medicare text overlaying image of a patient and doctor looking at a tablet Medicare is the federal government’s health insurance program for people 65 and older. As well as those under 65 who have certain illnesses or disabilities. This program provides essential coverage to older adults, so you can keep your medical expenses in check as you age. It is split into several parts, with each part covering different services to keep you healthy. 

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Original Medicare Parts

Original Medicare is divided into four parts: Part A, Part B, Part C, and Part D. Each part provides distinct coverage, and each one has different costs that you will be responsible for. As with any insurance, there are gaps in coverage. Meaning certain things aren’t fully covered, that’s where Medicare Supplement Plans come in.

Part A

Part A is also known as hospital insurance. It covers inpatient hospital stays or skilled nursing facility care, but not custodial or long-term care. Part A also contributes to the cost of hospice care and some home healthcare. 

Most people do not have to pay Part A premiums if they or their spouse paid Medicare taxes for at least 10 years. These taxes are included in the payroll taxes deducted from the majority of people’s paychecks. You can check your Social Security statement, which is available on the Social Security Administration’s website, to see if you qualify. 

If you do not qualify for premium-free Part A, you will most likely still be able to opt into it. However, you will have to pay a high monthly premium. In 2023, the monthly premiums for Part A can be up to $506 per month.

While you probably won’t have to pay a monthly premium for Part A, there are still out-of-pocket costs. In 2023, Part A has a $1,600 deductible for each benefit period. Additionally, if you spend more than a certain amount of time in the hospital during the year you will also have to pay coinsurance. Coinsurance is typically a percentage of medical costs that a person pays after meeting their health plan’s deductible. However, coinsurance for Part A is a flat-dollar amount rather than a percentage that you pay for specific services. For the first 60 days of inpatient hospital care, for example, there is no coinsurance. However, you will typically pay $400 per day (in 2023) for the 61st through 90th days of hospitalization, and more after that.

Part B

Part B is medical insurance. It covers doctor visits, as well as other medically necessary services and supplies. This includes preventive services or healthcare to prevent illness. As are ambulance services, durable medical equipment, mental health coverage, and a few types of outpatient prescription drugs.

Part B has out-of-pocket costs, including a monthly premium, an annual deductible, and coinsurance. In 2023, the monthly premium for Part B starts at $164.90. Individuals with adjusted gross incomes (AGIs) of more than $97,000 and married couples filing jointly with AGIs of more than $194,000, will have to pay higher premiums.

In 2023, the deductible for Part B is $226. As with private insurance, you will have to pay that amount out-of-pocket for medical expenses before Part B will start paying for your services.

Once you’ve met your deductible, you will also generally be required to pay coinsurance. Which is the 20% of the Medicare-approved amount for services and supplies.

Part C

Part C, also known as Medicare Advantage, is a type of health plan provided by private insurance companies. It includes the benefits of Parts A and B, as well as Part D. If you choose to go with Part C instead of Original Medicare, you will still have to pay your Part B premium. As well as any additional premiums owed, to your insurer.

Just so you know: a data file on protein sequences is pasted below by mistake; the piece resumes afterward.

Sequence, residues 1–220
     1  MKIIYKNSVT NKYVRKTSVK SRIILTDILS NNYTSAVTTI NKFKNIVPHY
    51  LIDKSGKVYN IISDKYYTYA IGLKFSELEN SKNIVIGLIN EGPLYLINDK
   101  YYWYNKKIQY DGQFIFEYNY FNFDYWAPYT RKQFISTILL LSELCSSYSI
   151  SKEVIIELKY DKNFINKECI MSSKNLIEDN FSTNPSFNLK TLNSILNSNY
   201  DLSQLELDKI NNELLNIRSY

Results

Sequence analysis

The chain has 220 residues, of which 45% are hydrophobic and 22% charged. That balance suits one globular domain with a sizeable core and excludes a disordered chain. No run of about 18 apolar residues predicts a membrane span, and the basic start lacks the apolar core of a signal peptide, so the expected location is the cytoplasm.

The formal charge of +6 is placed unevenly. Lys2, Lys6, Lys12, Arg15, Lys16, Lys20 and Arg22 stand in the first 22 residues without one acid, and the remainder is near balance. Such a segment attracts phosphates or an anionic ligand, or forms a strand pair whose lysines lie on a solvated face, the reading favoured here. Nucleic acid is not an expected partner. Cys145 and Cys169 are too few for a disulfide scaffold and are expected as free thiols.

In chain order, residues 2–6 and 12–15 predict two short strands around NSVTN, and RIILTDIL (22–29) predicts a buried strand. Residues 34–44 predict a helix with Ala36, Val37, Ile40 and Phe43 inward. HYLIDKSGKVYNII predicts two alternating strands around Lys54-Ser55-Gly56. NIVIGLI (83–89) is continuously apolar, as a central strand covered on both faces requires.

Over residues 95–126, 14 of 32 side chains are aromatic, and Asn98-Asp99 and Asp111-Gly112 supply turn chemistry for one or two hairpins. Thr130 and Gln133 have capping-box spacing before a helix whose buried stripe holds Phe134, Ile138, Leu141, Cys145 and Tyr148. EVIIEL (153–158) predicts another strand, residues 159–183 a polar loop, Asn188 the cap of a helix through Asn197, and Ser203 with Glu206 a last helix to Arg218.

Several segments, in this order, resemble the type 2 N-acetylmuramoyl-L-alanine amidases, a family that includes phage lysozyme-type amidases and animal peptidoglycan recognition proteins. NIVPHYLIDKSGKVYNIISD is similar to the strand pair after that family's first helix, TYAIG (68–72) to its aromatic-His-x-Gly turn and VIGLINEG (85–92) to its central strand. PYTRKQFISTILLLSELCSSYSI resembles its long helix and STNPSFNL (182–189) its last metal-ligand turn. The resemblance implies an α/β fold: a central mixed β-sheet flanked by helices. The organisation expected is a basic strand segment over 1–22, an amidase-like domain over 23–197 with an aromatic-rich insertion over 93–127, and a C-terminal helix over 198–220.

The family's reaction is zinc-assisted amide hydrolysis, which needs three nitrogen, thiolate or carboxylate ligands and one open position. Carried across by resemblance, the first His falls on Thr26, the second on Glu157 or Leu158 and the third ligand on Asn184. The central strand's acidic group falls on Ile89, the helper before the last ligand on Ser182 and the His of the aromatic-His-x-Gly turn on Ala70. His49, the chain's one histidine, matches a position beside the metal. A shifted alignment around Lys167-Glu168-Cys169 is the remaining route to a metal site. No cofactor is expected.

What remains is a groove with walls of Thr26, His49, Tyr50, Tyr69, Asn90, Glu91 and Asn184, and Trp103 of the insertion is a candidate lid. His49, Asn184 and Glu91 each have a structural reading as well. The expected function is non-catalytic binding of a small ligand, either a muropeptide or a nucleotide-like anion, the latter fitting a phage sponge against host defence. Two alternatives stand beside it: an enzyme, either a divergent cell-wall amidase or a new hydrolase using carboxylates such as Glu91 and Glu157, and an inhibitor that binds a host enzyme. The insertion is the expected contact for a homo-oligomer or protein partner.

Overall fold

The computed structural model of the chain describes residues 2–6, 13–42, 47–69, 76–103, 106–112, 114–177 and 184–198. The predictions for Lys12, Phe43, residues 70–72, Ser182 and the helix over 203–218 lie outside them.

Medicare Advantage plans tend to be either HMOs or PPOs. They only provide coverage in specific geographic areas. They generally require pre-authorization and referrals, and charge copays and coinsurance for the majority of healthcare services. These plans may include additional coverage, such as cost-sharing for vision, hearing, and dental care.

In contrast to Original Medicare, Medicare Advantage plans have an annual cap on out-of-pocket expenses. In 2023, that amount is $8,300, meaning that is the most you will ever be required to pay out-of-pocket in a year. 

Part D

Part D covers the cost of prescription drugs, both generic and brand name. These plans are provided by private insurers and have a monthly premium of $31.50 in 2023. Beneficiaries with higher incomes, though, will pay more.


Medicare Supplement Plans

Medicare Supplement Plans are private health insurance policies that you can purchase to help pay your share of the costs not covered by Parts A and B. This includes deductibles, coinsurance, and some healthcare coverage if you travel outside of the United States. Long-term care, prescription drugs, dental, vision, hearing aids, or private nursing care are not covered by Medicare Supplement Plans.

In most states, there are ten different types of Medicare Supplement Plans on offer. The plans are lettered, like Medicare parts:

  • Plan A – Plan A is the most basic plan available. But even though it’s basic, it will cover what is arguably the most important thing that Medicare Supplement Plans cover: the 20% of outpatient treatments that Medicare does not cover. All Medicare insurance carriers have to offer Plan A, but some states do not require insurers to offer this plan to people under the age of 65 who are on Medicare disability.
  • Plan B – Plan B covers everything that Plan A does, plus the Medicare Part A hospital deductible.
  • Plan C – This is one of the most complete Medicare Supplement Plans available. Plan C covers everything except Medicare excess charges. This means that it covers both your Parts A and B deductibles, as well as the 20% coinsurance you would normally owe for all outpatient treatment.
  • Plan D – Plan D covers the majority of medical expenses, but does not cover the Part B deductible or any Medicare excess charges.
  • Plan F – Plan F has long been the best-selling plan on the market. It covers all of your out-of-pocket expenses, meaning you’ll only pay your monthly Plan F premium if you have this plan. The only catch is that Plan F is not available to anyone who became/becomes eligible for Medicare after 2020. If you became eligible before 2020, you can purchase one of these plans. Or if you have already purchased Plan F and are grandfathered in, you can keep it as long as you want.
  • Plan G – If you like the sound of Plan F, but are not eligible to purchase one of these plans, look into Plan G. This plan covers everything that Plan F does, except for your Part B deductible. And the good news is that Plan G premiums are frequently very competitive, making these plans a better value than Plan F.